Abnormal wound repair has been observed in the airway epithelium of patients with chronic respiratory diseases including asthma. Therapies focusing on repairing vulnerable airways, particularly in early life, present an extremely novel treatment strategy. We report defective lower airway epithelial cell repair to strongly associate with common pre-school and school-aged wheezing phenotypes, characterised by aberrant migration patterns and reduced α5β1 integrin expression. Next generation sequencing identified the PI3K/Akt pathway as the top upstream transcriptional regulator of α5β1 integrin, where Akt activation enhanced repair and α5β1 integrin expression in primary cultures from children with wheeze. Conversely, inhibition of PI3K/Akt signaling in primary cultures from children without wheeze reduced α5β1 expression and attenuated repair. Importantly, the FDA-approved drug celecoxib, and its non-COX2-inhibiting analogue dimethyl-celecoxib, stimulated the PI3K/Akt-integrin α5β1 axis and restored airway epithelial repair in cells from children with wheeze. When compared with published clinical datasets the identified transcriptomic signature was also associated with viral-induced wheeze exacerbations highlighting the clinical potential of such therapy. Collectively, these results identify airway epithelial restitution via targeting the PI3K/Akt-integrin axis as a novel therapeutic avenue for childhood wheeze and asthma. We propose that the next step in the therapeutic development process should be a proof-of-concept clinical trial since relevant animal models to test the crucial underlying premise are unavailable.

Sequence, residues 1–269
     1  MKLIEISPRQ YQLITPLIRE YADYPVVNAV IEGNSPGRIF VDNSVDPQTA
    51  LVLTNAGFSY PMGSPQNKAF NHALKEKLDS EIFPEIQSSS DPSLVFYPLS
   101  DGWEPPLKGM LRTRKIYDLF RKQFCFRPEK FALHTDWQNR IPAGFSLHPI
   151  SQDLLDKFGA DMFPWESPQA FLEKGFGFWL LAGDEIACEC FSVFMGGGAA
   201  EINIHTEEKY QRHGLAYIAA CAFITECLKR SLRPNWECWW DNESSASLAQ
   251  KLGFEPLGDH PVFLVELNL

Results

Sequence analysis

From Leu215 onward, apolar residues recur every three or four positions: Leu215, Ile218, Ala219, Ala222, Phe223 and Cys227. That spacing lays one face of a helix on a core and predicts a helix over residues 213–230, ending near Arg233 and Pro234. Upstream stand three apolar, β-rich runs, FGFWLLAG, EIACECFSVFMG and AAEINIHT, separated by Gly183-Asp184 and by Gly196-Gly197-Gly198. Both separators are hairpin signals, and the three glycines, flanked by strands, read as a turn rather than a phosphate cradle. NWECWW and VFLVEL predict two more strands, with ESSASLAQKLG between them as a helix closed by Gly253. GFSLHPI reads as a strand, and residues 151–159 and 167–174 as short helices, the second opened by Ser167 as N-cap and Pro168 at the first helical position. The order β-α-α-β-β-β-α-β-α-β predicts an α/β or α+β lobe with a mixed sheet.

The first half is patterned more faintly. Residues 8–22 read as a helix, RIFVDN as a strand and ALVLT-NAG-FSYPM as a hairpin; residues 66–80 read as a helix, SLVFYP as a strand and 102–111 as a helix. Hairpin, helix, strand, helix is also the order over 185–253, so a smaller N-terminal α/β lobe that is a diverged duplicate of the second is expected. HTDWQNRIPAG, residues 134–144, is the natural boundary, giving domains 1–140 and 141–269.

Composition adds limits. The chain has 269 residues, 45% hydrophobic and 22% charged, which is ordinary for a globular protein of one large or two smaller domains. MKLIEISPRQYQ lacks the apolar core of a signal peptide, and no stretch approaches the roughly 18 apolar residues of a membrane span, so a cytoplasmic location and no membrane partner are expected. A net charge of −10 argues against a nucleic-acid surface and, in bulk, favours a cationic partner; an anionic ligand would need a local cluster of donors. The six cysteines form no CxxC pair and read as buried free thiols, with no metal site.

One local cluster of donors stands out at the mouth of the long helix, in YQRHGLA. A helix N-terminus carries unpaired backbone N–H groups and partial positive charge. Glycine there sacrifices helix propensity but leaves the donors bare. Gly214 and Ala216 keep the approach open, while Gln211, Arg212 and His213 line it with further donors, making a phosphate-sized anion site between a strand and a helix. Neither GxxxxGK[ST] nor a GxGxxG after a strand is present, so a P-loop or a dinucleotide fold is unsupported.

Thomas Iosifidis, Erika N. Sutanto, Alysia Buckley, Laura A. Coleman, Erin E. Gill, Amy H. Lee, Kak-Ming Ling, Jessica Hillas, Kevin Looi, Luke W. Garratt, Kelly M. Martinovich, Nicole C. Shaw, Samuel T. Montgomery, Elizabeth Kicic-Starcevich, Yuliya V. Karpievitch, Peter Le Souef, Ingrid A. Laing, Shyan Vijayasekaran, Francis J. Lannigan, Paul J. Rigby, Robert E.W. Hancock, Darryl Knight, Stephen M. Stick, Anthony Kicic, on behalf of WAERP, on behalf of AusREC
This file is in Adobe Acrobat (PDF) format. If you have not installed and configured the Adobe Acrobat Reader on your system.
PDFs are designed to be printed out and read, but if you prefer to read them online, you may find it easier if you increase the view size to 125%.
Many versions of the free Acrobat Reader do not allow Save. You must instead save the PDF from the JCI Online page you downloaded it from. PC users: Right-click on the Download link and choose the option that says something like "Save Link As...". Mac users should hold the mouse button down on the link to get these same options.